oriented and less cost-oriented in the company success – as measured by
future. In this context the importance EBIT margin – by an average of 3 to
of innovation ability as a deal-clincher 8%-points.
will increase significantly.
This document summarizes the study
• Organizationally the shift from cost- results.
oriented towards customer-oriented
innovation activities has to manifest
itself in a bundling of these activi-

A
Innovation Excellence in Logistics – Value Creation by Innovation 5

2
Management Summary

Innovation Excellence mance-related indicators such as turnover,


Pays Off delivery reliability and delivery time, all
participants expect a significant improve-
An optimized innovation management ment potential.
system can boost company success. Com-
panies with a high Innovation Index (top
innovators), meaning companies with an From Cost-oriented to
effective and efficient innovation manage- Customer-oriented Innovation
ment system, generally have lower logis- Today the most important objectives for
tics costs or higher EBIT margins. innovation are the modularization of
Shippers can increase EBIT margins by logistics services plus reduction of logis-
4.4%-points if innovation management tics costs. However, this importance will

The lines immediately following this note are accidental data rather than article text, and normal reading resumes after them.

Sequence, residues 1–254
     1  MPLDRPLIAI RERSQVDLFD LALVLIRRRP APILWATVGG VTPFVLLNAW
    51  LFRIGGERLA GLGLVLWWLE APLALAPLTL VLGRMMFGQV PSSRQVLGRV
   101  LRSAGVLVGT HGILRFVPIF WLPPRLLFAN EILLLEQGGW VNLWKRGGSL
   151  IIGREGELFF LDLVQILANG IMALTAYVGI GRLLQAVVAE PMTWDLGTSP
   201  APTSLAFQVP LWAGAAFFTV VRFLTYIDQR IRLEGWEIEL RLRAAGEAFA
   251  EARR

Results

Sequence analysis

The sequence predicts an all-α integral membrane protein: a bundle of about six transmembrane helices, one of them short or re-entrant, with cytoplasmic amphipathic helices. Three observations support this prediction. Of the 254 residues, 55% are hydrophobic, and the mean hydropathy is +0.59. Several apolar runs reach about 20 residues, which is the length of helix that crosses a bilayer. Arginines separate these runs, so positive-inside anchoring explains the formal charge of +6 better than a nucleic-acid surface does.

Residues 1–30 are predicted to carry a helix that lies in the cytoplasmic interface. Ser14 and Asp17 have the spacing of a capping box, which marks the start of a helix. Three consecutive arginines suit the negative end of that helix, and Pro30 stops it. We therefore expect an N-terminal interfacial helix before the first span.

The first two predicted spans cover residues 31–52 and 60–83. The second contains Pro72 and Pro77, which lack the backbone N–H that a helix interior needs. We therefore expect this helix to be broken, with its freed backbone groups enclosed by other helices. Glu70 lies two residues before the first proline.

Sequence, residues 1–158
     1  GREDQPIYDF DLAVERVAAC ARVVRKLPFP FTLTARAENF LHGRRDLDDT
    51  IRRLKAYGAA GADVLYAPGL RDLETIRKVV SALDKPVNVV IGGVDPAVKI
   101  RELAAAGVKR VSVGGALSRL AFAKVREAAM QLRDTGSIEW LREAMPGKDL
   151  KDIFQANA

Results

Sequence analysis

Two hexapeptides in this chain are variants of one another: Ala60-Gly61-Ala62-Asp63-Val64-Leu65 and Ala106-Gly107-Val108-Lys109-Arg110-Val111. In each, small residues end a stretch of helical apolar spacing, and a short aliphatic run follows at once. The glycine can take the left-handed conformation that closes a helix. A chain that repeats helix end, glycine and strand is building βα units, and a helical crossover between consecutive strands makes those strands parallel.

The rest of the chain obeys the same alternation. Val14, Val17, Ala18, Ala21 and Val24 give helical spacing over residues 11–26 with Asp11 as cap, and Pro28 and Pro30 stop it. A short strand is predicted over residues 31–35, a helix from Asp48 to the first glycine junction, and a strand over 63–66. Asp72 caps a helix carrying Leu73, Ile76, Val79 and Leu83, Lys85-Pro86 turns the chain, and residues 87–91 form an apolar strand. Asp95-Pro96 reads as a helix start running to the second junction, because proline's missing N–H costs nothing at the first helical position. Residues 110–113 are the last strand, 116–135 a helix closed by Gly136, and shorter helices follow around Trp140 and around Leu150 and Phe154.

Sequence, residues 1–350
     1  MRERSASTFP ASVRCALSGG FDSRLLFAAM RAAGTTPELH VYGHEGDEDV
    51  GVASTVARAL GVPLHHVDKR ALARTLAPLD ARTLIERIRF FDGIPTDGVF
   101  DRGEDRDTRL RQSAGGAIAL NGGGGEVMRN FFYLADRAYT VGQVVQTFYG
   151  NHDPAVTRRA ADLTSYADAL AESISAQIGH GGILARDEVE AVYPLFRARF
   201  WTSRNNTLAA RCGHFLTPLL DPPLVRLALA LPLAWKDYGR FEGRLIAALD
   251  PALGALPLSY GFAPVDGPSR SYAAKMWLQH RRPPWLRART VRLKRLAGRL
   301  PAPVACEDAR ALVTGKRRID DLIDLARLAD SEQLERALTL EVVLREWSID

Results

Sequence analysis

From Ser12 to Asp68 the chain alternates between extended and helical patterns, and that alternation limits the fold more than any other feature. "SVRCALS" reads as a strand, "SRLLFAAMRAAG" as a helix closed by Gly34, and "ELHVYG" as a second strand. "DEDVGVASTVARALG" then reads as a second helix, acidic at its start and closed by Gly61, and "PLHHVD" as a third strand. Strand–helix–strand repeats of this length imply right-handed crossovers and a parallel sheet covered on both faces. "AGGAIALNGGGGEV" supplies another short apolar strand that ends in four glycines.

is optimized. Top innovators amongst the decline significantly in the future as cost-
logistics service providers can even in- oriented innovations are replaced by cus-
crease their EBIT margins by an aver- tomer-oriented innovations. The gener-
age of 8.5%-points. Average innovators ation of new services to cover existing
amongst logistics service providers con- requirements and to stimulate new ones is
sider the potential to be much lower, likely to become the most important inno-
although still significant, with a 2.7%- vation objective (figure 1).
point increase in EBIT margins. Price and reliability are no longer the only
The potential for reducing logistics costs buying criteria, but will develop into pre-
is between 7% and 14% for all shippers requisites for contracting standard logistics
and logistics service providers. For perfor- services. In this context, the importance of

Extract Trend

Reduce process 4.3


costs -7%
4.0

Modularization/ 4.2
standardization -12%
3.7

New services to 3.9


cover customer +5%
requirements 4.1

3.7
Cover basic market
±0%
requirements 3.7

Importance ranking from 1 (very low) to 5 (very high)

2007 2012

Figure 1: Innovation objectives

A
6 Innovation Excellence in Logistics – Value Creation by Innovation

innovation ability as a deal-clincher will innovators amongst logistics service pro-


increase significantly. As a result the focus viders are more customer-oriented than
will shift from cost-oriented towards cus- average innovators; they are better at pick-
tomer-oriented innovation activities. ing up and implementing ideas at their
shippers.
Personalized and
Institutionalized The Innovation Approaches